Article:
The Ingenious Hidalgo Don Quixote of La Mancha, better known simply as Don Quixote, is arguably the first modern novel. Published in two parts in 1605 and 1615, the novel was written by the Spanish author Miguel de Cervantes, although he claims to have cribbed the events of the novel from the fictional author Benengeli. The novel details the misadventures of the titular Don Quixote, an eccentric nobleman who’s read one too many chivalric romances. Accompanied by his loyal squire Sancho Panza, Don Quixote bumbles his way through a world that has long since outgrown chivalry and knights. Let’s saddle up and find some windmills to tilt at!
By analyzing questions, you can see patterns emerge, patterns that will help you answer questions. Qwiz5 is all about those patterns. In each installment of Qwiz5, we take an answer line and look at its five most common clues. Here we explore five clues that will help you answer a tossup on Don Quixote.
Sancho Panza may be a simple peasant, but he matches his master’s delusions with humor and common sense. Sancho joins Don Quixote, who promises his squire an island to rule. At one point in the novel Sancho is pranked by a Duke and Duchess and leaves Don Quixote to rule over the fictional Island Barataria. The Duke and Duchess also try to trick Sancho into whipping himself over 3,000 times. Sancho’s practicality and common sense win out in the end, though, and he reunites with Don Quixote on his master’s death bed.
DULCINEA DEL TOBOSO
Aldonza Lorenzo is a peasant woman whom Don Quixote refers to as Dulcinea and believes is a noblewoman. Don Quixote elevates Dulcinea into a paragon of beauty and virtue and attempts (unsuccessfully) to fight a group of merchants who do not recognize her. Cervantes was spurred to write the second part of Don Quixote in part because of misrepresentations of Dulcinea in an “unofficial” sequel to his work written by Avellaneda.
Rocinante is Don Quixote’s trusty steed. Like his owner, he is long past his prime: his name roughly translates to “nag of nags.” Nonetheless, Don Quixote is quick to defend his horse’s honor, and is beaten soundly by a group of Galicians for doing so. After this fight, and others, Don Quixote attempts to cure his and his squire’s wounds with the magical balm of Fierabras; a concoction that causes the pair acute intestinal distress.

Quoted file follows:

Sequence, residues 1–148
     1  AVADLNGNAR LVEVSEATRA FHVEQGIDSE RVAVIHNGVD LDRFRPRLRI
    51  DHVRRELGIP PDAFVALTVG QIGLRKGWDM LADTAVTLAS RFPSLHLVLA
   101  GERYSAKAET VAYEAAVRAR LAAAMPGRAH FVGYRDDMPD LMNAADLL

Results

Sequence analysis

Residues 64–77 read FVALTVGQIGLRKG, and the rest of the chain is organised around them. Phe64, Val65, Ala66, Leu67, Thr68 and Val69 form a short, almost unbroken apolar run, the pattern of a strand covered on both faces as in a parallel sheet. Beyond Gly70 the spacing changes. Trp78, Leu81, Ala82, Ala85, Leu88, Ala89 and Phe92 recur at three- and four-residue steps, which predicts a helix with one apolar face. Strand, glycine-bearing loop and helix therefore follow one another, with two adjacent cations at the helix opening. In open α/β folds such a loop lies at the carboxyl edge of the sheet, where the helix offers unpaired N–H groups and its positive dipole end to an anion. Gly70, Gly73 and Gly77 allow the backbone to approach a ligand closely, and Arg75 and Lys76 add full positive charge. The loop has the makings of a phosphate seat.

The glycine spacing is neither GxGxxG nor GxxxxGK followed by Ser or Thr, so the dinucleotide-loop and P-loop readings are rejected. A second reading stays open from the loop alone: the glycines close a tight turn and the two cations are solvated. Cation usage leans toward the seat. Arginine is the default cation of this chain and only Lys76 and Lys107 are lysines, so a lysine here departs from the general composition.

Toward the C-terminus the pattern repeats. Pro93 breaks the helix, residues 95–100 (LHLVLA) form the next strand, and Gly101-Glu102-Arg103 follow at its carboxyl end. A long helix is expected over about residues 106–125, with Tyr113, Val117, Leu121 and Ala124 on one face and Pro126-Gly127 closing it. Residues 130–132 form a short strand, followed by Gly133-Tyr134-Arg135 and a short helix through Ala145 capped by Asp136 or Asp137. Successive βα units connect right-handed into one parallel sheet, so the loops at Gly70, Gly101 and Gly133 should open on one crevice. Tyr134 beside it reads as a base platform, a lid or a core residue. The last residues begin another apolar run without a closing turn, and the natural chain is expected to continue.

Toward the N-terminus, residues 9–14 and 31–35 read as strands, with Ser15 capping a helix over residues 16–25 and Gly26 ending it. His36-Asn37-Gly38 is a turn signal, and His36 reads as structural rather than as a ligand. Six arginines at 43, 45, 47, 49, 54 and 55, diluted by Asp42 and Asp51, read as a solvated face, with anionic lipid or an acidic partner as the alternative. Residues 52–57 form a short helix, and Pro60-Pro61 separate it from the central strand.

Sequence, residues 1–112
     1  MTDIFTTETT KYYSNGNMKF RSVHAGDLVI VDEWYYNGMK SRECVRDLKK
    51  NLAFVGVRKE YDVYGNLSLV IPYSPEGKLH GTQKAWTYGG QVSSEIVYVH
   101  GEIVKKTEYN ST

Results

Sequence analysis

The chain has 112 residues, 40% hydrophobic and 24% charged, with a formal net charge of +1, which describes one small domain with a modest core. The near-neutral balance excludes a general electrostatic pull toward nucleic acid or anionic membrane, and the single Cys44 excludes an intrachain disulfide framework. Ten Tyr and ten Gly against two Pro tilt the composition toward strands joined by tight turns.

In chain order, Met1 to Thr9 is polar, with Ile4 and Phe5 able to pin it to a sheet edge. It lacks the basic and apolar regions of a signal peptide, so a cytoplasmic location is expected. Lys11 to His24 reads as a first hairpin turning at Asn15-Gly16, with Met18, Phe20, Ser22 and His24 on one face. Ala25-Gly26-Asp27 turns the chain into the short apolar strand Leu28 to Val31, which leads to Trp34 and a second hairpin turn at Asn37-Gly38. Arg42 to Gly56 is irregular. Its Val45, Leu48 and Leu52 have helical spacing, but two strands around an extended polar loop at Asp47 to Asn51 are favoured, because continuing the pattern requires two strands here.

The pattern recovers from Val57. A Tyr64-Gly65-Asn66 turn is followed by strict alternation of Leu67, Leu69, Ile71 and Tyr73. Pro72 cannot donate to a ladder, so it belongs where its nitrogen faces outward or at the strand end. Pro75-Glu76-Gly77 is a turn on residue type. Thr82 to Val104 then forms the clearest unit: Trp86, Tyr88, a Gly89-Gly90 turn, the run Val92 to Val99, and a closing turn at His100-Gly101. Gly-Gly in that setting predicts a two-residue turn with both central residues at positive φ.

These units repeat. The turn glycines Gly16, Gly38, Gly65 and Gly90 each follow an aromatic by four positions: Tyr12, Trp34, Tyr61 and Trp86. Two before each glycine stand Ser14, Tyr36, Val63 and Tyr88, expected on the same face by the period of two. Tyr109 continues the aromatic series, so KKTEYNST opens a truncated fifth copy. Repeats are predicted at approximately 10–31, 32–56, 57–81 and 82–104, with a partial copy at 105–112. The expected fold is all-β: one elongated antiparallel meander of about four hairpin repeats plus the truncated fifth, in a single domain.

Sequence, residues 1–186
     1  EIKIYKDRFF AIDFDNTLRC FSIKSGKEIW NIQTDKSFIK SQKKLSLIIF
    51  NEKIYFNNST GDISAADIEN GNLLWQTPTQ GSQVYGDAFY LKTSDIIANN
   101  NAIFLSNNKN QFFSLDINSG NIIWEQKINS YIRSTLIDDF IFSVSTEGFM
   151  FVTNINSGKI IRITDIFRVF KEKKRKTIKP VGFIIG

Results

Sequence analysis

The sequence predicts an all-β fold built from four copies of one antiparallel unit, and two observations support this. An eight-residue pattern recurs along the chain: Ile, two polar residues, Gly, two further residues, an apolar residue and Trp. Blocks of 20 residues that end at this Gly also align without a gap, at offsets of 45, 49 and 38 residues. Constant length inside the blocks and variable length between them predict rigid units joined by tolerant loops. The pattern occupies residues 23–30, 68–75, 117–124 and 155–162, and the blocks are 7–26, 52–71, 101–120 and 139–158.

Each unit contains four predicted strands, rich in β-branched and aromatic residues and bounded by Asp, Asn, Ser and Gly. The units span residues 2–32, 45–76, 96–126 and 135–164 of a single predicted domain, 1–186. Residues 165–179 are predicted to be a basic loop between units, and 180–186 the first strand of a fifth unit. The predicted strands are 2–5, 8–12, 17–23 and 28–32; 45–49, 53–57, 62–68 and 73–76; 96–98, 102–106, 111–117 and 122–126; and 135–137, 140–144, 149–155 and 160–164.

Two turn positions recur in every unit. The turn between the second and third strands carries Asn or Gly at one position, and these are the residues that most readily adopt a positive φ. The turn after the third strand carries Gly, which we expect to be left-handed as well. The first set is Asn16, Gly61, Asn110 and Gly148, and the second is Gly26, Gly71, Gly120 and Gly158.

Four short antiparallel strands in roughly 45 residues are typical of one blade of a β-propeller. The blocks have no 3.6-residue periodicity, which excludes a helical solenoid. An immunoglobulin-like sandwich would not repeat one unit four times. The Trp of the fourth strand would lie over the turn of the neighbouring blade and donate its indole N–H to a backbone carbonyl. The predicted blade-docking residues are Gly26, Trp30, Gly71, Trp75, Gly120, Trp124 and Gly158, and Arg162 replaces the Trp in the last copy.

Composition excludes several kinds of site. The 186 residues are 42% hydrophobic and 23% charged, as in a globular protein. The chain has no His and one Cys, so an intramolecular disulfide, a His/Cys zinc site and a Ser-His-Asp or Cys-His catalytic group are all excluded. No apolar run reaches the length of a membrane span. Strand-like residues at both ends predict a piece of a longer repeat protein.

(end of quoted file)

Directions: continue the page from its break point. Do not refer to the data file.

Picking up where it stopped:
HELMET OF MAMBRINO
Mambrino is the name of a fictional Moorish King who is a recurring character in the romantic tales of chivalry Don Quixote read. According to these stories, Mambrino possessed a golden helmet that made its wearer invulnerable. In the novel, Don Quixote sees a barber who places a bronze basin on his head as protection from the rain and believes the basin is the fabled helmet.
KNIGHT OF THE WHITE MOON
The Knight of the White Moon is an alias of Sansón Carrasco, a young student eager to restore Don Quixote’s senses and have him return home. In the second book, Carrasco first confronts Quixote as “The Knight of Mirrors.” He is assisted by Quixote’s neighbor, Thomas Cecial, the latter’s identity hidden by a large pasteboard nose. Carrasco and Cecial are surprisingly bested by Quixote and Panza. Vowing revenge, Carrasco returns as the Knight of the White Moon and defeats Quixote, forcing him to return home and refrain from knight errantry for “one year.” It is during this time at home that Quixote’s sanity returns, but only just before he passes away.
Quizbowl is about learning, not rote memorization, so we encourage you to use this as a springboard for further reading rather than as an endpoint. Here are a few things to check out:
Read this article to learn more about the mystery of the False Quixote.
Don Quixote even inspired the greatest playwright of the English language: William Shakespeare.
Visit this site to learn more about the tradition of Spanish chivalric romances.
Don Quixote inspired many different works of art, including a Broadway musical!
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